Monthly Archives: September 2011

C Rulon: The Christian Right & the power of money

The Davids of science, rationality and humanistic compassion vs. the Goliaths of powerful Christian fundamentalist and evangelical organizations.

By Charles L. Rulon
Emeritus, Life & Health Sciences
Long Beach City College ([email protected])


The total financial budget of all those organizations in the United States in 2010 that educationally and politically campaign for humanistic societies, gay equality, death with dignity, abortion choice, separation of church and state, plus sex education, evolution education, and climate change education runs in the low tens of millions of dollars. For example, the Center for Inquiry which publishes Free Inquiry and Skeptical Inquirer has a budget of around $3 million. NARAL, a leading pro-choice organization has an annual budget of under $5 million.
In stark contrast is America’s Christian Right. Campus Crusade for Christ in 2010 raised around $500 million!! Pat Robertson’s Christian Broadcasting Network/Regent University raised over $350 million! Jerry Falwell’s ministries, Liberty Counsel and Liberty University raised over $400 million! The Southern Baptist Convention raised over $200 million! James Dobson’s Focus on the Family – $130 million!; Heritage Foundation – $70 million!…and on and on. [1] Don’t even ask about the financial resources of the Vatican or of huge sums of money pouring into Christian Right political candidates from giant corporations.

The explosive growth of the Christian Right

Money, of course, buys power. Throughout the 1980s there were reported to be some 4000 evangelical and fundamentalist television and radio broadcasters in the U.S. reaching an estimated 40,000,000 Americans. There were also some 80,000 evangelical pastors, plus 200+ Bible colleges across the United States.
By the early 1990s, fundamentalist and evangelical Christians were swinging major elections. In addition they claimed control of over 2000 school boards nationwide, elected nine state governors, took control of numer¬ous legislatures and dominated 20 state parties. [2]
By 2001 the Christian Right had taken control of the White House and much of Congress. By 2005 100 million Americans were claiming to be evangelical Christians, Christian radio and TV broadcasters were reaching over 140 million listeners and a number of religiously conservative law schools were training students for legal assaults on church-state separation.
In 2010, more that 600 measures were introduced in state legislatures in an attempt to force women with unwanted pregnancies to stay pregnant against their will—in essence, to be reproductively enslaved. Also, 29 Christian conservative governors were elected, all solidly anti-choice.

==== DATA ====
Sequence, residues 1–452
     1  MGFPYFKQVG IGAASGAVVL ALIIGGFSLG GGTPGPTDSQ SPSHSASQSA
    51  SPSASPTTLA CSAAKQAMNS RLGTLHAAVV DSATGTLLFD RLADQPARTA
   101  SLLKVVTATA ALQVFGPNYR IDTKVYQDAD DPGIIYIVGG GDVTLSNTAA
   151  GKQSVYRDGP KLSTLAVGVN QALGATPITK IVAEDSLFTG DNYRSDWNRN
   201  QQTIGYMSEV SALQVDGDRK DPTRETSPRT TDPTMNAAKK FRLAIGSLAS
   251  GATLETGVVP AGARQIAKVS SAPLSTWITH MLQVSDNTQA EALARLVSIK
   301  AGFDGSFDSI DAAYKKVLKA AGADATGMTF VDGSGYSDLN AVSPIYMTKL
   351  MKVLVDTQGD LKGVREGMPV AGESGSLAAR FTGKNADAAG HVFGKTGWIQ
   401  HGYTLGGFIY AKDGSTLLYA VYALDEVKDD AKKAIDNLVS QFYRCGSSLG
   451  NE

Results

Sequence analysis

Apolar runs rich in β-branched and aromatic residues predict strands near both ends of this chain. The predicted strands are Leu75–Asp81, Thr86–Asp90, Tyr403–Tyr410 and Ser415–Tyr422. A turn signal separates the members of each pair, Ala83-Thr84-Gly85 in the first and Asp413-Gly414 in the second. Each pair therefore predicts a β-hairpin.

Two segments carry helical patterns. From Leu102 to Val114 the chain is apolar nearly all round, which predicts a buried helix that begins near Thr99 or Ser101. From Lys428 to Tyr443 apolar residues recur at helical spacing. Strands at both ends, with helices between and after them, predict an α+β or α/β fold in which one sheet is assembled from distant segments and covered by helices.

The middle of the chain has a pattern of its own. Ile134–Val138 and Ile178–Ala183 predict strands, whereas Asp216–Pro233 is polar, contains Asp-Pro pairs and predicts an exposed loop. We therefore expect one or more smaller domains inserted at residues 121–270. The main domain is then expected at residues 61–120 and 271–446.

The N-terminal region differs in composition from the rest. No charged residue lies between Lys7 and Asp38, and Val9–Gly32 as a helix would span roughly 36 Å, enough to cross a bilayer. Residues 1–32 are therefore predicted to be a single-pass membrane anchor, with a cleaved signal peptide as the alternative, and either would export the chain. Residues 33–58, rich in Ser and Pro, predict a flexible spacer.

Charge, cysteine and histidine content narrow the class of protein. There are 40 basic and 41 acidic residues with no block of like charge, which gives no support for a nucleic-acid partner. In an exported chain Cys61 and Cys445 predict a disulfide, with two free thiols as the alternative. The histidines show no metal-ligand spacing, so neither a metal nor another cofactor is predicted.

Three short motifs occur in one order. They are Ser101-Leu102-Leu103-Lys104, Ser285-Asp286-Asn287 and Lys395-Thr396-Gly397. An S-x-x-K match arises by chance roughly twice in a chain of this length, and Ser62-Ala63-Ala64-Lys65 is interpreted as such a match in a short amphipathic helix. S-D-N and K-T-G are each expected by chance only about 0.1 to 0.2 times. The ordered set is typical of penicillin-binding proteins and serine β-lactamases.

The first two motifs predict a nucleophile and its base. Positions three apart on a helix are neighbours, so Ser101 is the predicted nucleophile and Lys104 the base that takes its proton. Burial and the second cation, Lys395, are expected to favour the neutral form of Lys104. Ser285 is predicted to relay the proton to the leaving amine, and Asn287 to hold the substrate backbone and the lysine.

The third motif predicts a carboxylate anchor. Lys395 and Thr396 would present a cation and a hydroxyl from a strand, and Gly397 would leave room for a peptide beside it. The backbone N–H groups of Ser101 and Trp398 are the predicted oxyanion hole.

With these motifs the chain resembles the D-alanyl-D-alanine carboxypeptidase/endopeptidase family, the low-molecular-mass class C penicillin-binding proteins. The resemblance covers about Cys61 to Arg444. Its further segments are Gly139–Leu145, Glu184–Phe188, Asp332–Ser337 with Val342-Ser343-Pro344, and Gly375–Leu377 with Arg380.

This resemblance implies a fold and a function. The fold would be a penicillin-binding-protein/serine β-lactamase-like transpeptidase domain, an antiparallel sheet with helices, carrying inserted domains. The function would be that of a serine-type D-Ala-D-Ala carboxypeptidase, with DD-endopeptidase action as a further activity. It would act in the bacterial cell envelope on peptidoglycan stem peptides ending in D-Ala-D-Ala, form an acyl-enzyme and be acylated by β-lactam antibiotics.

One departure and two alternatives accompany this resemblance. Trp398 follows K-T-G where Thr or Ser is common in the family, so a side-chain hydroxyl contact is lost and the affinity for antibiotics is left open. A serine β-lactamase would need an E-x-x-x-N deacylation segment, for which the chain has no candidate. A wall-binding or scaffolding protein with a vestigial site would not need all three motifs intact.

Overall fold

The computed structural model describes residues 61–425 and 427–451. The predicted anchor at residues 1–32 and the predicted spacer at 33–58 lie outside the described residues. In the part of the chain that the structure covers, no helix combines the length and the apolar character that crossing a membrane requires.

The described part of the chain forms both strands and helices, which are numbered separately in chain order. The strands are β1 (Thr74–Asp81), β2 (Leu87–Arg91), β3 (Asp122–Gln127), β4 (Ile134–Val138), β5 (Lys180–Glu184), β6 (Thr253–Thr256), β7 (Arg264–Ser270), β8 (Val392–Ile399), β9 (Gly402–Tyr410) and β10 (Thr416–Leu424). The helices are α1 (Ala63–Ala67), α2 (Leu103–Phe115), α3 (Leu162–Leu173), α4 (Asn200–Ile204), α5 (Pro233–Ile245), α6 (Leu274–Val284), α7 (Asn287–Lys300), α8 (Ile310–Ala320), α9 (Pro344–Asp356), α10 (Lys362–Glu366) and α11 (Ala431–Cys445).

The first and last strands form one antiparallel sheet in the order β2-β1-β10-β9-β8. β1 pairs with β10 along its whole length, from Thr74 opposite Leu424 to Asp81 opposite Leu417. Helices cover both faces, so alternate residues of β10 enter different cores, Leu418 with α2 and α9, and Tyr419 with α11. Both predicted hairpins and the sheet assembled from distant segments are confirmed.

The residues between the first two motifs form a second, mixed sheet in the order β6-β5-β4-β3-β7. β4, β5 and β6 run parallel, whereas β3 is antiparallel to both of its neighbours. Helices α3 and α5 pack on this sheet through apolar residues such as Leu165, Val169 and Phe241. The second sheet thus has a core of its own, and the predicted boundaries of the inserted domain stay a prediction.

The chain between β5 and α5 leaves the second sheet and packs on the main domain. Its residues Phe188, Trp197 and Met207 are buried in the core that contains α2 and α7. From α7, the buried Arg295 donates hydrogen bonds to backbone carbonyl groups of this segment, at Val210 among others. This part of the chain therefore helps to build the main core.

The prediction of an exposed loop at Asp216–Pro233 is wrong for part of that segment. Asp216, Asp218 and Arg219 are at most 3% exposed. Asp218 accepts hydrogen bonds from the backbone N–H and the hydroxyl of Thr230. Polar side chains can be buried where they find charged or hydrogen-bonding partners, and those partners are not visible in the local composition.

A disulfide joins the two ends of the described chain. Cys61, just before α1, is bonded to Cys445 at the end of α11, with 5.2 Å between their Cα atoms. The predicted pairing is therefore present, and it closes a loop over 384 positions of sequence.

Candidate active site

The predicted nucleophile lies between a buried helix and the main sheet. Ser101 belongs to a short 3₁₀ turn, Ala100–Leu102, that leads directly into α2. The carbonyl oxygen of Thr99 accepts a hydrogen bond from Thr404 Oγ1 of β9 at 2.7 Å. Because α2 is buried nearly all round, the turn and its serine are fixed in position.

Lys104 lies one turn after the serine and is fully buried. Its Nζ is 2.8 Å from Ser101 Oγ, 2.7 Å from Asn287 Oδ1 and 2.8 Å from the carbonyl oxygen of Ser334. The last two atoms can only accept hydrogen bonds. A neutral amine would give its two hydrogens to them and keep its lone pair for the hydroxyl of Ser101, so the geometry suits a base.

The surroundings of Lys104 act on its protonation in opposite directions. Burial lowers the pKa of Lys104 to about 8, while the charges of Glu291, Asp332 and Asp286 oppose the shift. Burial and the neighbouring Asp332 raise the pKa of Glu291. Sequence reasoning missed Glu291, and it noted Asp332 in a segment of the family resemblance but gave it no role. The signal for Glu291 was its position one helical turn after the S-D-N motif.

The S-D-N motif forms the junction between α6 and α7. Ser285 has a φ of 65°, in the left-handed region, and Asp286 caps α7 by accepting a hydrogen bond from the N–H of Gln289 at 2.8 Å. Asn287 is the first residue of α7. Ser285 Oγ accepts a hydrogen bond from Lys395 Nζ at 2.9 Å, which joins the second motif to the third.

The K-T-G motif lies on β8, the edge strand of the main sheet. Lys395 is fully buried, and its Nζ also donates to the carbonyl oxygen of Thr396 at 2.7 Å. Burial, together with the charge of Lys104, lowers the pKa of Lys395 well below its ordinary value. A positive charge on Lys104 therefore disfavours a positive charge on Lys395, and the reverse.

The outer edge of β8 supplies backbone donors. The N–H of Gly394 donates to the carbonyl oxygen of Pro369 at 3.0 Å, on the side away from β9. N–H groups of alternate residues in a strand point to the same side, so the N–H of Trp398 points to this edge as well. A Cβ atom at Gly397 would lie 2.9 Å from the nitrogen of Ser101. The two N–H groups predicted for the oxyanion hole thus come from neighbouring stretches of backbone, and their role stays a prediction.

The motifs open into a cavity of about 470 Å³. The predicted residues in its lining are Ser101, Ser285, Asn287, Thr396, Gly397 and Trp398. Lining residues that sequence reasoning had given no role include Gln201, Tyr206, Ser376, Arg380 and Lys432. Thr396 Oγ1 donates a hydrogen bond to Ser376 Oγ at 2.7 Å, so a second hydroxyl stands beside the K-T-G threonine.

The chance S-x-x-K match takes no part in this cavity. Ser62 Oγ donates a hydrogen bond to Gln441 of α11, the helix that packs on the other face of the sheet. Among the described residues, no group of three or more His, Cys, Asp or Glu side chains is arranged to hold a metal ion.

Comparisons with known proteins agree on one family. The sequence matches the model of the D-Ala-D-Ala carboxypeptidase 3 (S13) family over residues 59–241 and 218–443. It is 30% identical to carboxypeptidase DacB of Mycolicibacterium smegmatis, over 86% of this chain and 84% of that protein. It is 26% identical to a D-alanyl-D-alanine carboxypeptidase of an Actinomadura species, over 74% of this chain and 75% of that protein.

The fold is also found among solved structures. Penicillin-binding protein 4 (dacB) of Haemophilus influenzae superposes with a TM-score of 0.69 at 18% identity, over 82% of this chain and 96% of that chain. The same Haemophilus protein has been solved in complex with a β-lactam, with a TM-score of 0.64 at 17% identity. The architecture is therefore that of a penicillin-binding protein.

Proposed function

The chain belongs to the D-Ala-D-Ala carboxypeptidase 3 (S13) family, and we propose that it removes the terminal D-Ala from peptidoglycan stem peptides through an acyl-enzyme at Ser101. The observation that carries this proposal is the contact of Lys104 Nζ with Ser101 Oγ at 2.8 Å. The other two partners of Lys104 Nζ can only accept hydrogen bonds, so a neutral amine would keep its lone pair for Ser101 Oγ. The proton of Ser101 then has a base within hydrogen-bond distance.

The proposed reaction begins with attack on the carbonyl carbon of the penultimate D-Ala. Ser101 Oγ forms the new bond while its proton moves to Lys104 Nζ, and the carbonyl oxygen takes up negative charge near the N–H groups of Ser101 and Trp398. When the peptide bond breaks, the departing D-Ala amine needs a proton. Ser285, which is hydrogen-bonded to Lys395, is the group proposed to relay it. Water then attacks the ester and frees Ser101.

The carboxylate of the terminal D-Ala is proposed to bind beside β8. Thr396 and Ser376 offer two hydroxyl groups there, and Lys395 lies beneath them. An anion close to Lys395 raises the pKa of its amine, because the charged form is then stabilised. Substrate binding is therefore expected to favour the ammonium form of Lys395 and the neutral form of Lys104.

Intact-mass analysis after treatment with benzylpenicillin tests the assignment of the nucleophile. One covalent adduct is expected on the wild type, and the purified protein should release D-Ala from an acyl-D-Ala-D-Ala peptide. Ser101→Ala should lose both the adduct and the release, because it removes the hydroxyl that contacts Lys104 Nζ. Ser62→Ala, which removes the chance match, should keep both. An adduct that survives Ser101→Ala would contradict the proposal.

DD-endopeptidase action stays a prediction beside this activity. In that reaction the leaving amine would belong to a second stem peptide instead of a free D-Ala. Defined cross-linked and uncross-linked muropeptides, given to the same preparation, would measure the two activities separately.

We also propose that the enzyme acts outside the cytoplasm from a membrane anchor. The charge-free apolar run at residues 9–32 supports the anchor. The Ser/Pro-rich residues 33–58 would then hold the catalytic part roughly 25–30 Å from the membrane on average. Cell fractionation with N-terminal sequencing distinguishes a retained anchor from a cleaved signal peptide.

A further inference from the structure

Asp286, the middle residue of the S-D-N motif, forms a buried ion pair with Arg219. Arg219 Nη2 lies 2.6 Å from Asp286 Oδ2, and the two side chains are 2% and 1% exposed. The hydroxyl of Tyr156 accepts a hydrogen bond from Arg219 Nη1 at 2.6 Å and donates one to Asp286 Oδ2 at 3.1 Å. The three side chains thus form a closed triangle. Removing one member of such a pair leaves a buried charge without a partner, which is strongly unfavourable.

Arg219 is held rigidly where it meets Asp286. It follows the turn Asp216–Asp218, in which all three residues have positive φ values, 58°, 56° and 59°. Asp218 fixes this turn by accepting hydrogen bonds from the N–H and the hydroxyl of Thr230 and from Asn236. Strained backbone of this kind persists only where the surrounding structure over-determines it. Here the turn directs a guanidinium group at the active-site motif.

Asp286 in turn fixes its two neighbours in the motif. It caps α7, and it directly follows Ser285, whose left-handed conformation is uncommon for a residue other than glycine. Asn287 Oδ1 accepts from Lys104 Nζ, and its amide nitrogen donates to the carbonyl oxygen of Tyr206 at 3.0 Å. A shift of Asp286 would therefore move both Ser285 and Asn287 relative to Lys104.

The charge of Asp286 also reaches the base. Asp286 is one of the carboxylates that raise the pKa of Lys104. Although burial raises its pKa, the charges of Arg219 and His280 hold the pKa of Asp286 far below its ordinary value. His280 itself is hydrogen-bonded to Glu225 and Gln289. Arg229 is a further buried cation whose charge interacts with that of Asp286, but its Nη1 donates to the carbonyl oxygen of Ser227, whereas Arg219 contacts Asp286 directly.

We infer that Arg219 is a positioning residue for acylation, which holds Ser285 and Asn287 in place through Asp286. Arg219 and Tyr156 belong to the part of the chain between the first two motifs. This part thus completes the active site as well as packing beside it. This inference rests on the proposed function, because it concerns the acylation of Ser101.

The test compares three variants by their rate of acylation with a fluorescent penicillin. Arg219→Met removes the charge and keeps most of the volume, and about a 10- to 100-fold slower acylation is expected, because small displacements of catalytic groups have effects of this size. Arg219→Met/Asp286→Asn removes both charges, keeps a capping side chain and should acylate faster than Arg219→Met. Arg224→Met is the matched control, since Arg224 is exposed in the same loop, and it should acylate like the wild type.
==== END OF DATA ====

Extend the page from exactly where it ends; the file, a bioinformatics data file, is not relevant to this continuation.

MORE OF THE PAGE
Consider just three of the many Christian Right organizations and leaders: Campus Crusade for Christ, Focus on the Family and Televangelist John Hagee.

Campus Crusade for Christ

Campus Crusade for Christ (now known as Cru), with its $500 million budget, has operations in 190 countries, is on over 1000 college campuses in the United States and has extended its operation into high schools. The problem is that its beliefs (and the beliefs of over 10,000 other Christian clubs on campuses) can create serious obstacles to learning. After all, why learn about our biological evolution, or the critical importance of keeping abortions legal, or of insuring basic human rights for gays when Scripture is said to be against all of these? And why be too concerned about overpopulation, or equality for women, or global warming, or nuclear and biological weapons when all the truth one needs to know is in Scripture — particularly since the destruction of our world is inevitable as foretold in Revelation and the Second Coming of Christ is only around the corner.

Focus on the Family

A major player is James Dobson of Focus on the Family in Colorado Springs. By 2010, James Dobson’s colossal fundamentalist Christian media empire was taking in over $130 million/year. It was presenting news programs daily on 3,000 radio stations in North America, heard on radio broadcasts in 99 countries, mailing out four million pieces of mail each month, buying television time on 80 stations daily and maintaining an activist network of over 100,000 people. Dobson has backed political candidates who called for the execution of abortion providers and defined embryonic stem-cell research as “state-funded cannibalism.” He issued warnings to the Bush administration that his agenda must begin to be implemented in Washington and by the federal courts if the Republican Party wanted his continued support. [3]

John Hagee

Reverend John Hagee is an extremely influential American televangelist. He is the founder and senior pastor of Cornerstone Church in San Antonio, Texas, a non-denominational evangelical church with about 20,000 members. Hagee has received millions of dollars in compensation for his position as CEO of his non-profit corporation, Global Evangelism Television (GETV), which telecasts his national radio and television ministry carried in America on 160 TV stations and 50 radio stations to 100 million homes. His ministries can also be seen in Canada, Africa, Europe, Australia, New Zealand and in most third world nations.
Hagee has asserted that Hurricane Katrina was an act of God, punishing New Orleans for “a level of sin that was offensive to God”. He specifically referred to a homosexual parade that, he said, was held on the date the hurricane struck as proof “of the judgment of God against the city of New Orleans.” (Actually the gay parade was scheduled for the next week and those areas spared the destruction included most of the gay neighborhoods.)
Another reason for God sending Katrina, Hagee claimed, was the Bush administration’s pressure on Israel to abandon the land God gave them 2000 years ago (the Left Bank). Therefore, claimed Hagee, God took American land in a tit-for-tat exchange during Hurricane Katrina.
In 2008 Hagee came out in strong support for presidential candidate John McCain who initially sought and welcomed his endorsement. Later, McCain changed his mind when he learned that Hagee said that God had used Hitler and the Holocaust to send the Jews to Israel, the Promised Land.